If you’re feeling an aching, stiffness, soreness or tenderness in the path between your calf muscle and heel bone, you may need to look at getting treatment for Achilles tendonitis.
The Achilles tendon gets its name from the “Achilles heel,” referring to a weakness in overall strength - which can potentially lead to downfall - coming from the mythical story of Achilles who was slain during the Trojan War by a poisoned arrow to his heel.
Achilles tendonitis can be a weakness for you, especially if you wait to get it treated.
What is Achilles Tendonitis?
Your Achilles tendon is a band of tissue that runs down the back of the lower leg and connects the calf muscle to the heel bone. The purpose of the Achilles tendon is to facilitate walking by helping to raise the heel off the ground.
Achilles tendonitis occurs when the tendon becomes inflamed typically due to overuse related to a sudden increase of a repetitive activity, such as a runner training for a marathon or a weekend warrior – those who aren’t as conditioned and participate in strenuous activities infrequently. If this condition isn’t resolved, then over time it may progress to a degeneration of the tendon. In this case, the tendon develops microscopic tears that become very painful. When the body is unable to repair the tissues on its own, treatment becomes necessary.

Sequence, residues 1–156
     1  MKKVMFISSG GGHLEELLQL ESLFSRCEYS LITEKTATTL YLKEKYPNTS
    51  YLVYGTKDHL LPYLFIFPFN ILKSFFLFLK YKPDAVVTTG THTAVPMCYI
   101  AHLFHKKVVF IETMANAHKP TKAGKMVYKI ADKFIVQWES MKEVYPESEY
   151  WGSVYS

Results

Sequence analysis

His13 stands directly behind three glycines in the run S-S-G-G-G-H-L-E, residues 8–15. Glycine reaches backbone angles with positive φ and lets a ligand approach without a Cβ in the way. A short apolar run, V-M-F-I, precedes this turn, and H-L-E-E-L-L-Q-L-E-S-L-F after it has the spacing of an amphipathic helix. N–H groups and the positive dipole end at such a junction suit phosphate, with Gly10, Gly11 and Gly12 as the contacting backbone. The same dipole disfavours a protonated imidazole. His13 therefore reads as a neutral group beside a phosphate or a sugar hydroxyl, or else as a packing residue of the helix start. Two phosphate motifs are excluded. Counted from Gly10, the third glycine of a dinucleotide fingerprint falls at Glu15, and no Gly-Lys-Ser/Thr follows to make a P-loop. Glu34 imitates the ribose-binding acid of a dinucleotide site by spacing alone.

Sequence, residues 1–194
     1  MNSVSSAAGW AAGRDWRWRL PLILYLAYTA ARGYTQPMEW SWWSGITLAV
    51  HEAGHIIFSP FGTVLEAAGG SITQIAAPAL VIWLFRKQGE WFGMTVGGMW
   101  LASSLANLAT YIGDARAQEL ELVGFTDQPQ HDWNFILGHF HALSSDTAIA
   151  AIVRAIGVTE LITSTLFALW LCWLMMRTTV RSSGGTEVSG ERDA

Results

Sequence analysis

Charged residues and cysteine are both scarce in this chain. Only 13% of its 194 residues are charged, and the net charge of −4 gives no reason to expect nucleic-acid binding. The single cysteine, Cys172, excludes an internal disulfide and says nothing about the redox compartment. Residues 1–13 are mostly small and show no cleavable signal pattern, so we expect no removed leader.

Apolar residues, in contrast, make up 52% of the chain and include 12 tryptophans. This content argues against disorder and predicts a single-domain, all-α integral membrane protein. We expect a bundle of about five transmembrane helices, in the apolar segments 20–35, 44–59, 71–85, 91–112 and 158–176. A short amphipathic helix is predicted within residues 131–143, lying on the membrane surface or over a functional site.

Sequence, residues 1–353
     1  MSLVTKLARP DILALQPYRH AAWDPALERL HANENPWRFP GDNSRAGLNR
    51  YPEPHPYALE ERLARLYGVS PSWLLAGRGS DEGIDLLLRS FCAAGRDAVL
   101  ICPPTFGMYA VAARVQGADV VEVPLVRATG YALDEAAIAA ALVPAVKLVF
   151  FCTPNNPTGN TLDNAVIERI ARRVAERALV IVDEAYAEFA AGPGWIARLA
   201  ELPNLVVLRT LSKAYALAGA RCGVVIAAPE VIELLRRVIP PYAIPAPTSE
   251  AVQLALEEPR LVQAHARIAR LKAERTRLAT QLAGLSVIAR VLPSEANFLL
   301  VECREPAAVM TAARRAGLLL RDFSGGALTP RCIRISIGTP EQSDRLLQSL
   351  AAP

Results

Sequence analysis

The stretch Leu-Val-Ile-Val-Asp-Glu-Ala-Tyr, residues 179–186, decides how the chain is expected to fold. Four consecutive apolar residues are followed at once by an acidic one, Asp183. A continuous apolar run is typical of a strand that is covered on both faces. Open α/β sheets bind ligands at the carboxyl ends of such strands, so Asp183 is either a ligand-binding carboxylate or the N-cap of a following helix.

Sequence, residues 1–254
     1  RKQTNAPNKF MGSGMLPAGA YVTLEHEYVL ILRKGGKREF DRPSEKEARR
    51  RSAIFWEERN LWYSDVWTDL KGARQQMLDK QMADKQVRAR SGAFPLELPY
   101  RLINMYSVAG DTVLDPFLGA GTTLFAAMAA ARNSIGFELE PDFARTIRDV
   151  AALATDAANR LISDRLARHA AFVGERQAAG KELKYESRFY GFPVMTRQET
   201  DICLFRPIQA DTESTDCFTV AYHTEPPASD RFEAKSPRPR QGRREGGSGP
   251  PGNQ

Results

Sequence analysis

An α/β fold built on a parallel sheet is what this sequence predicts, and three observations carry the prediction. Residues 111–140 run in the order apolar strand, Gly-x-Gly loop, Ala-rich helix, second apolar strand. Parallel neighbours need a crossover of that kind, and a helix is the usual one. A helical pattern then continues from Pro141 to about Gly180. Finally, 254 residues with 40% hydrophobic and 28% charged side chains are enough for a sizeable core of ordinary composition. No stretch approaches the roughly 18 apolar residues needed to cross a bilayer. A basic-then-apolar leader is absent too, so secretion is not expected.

Conservative Treatments for Achilles tendonitis
Achilles tendonitis treatment depends on the severity of damage to the tendon and how long the injury has been present. In early stages one or more of the following conservative treatments may be recommended:
- Ice to reduce swelling and inflammation
- Orthotic devices
- Physical therapy
When conservative treatments fail to restore the tendon, then other treatments are recommended.
Stem Cell Treatment for Achilles Tendonitis
Since Achilles tendonitis is a result of the degeneration of tendon, stem cells can be used to regenerate, new healthy cells. Stem cells are cells that haven’t yet determined their role in the body, so they can turn into just about anything. In the case of Achilles tendonitis, stem cells are injected directly into the tendon using fluoroscopy and immediately able to start creating new tendon.
Adler Footcare uses only ethical methods when using stem cells. The cells used are amniotic stem cells taken from the amniotic sac of live births, as opposed to controversial embryonic stem cells.
As the tissues are regenerated, patients can expect less inflammation, minimized swelling, more range of motion, and healing time to occur twice as fast.
If you’re interested in learning more about stem cell treatment for Achilles tendonitis, contact a New York podiatrist at Adler Footcare for a free foot assessment. We believe feet shouldn’t hurt and neither should their treatment.